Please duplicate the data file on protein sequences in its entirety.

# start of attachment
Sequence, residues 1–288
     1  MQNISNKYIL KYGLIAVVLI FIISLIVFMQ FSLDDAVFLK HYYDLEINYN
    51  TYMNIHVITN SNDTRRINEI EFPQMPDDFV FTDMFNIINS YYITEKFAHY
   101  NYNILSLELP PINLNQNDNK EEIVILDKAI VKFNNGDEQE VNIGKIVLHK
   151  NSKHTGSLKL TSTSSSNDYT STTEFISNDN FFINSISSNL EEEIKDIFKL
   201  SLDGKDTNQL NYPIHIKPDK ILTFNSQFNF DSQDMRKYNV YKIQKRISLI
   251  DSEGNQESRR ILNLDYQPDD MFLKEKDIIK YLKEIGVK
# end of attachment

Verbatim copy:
Sequence, residues 1–288
     1  MQNISNKYIL KYGLIAVVLI FIISLIVFMQ FSLDDAVFLK HYYDLEINYN
    51  TYMNIHVITN SNDTRRINEI EFPQMPDDFV FTDMFNIINS YYITEKFAHY
   101  NYNILSLELP PINLNQNDNK EEIVILDKAI VKFNNGDEQE VNIGKIVLHK
   151  NSKHTGSLKL TSTSSSNDYT STTEFISNDN FFINSISSNL EEEIKDIFKL
   201  SLDGKDTNQL NYPIHIKPDK ILTFNSQFNF DSQDMRKYNV YKIQKRISLI
   251  DSEGNQESRR ILNLDYQPDD MFLKEKDIIK YLKEIGVK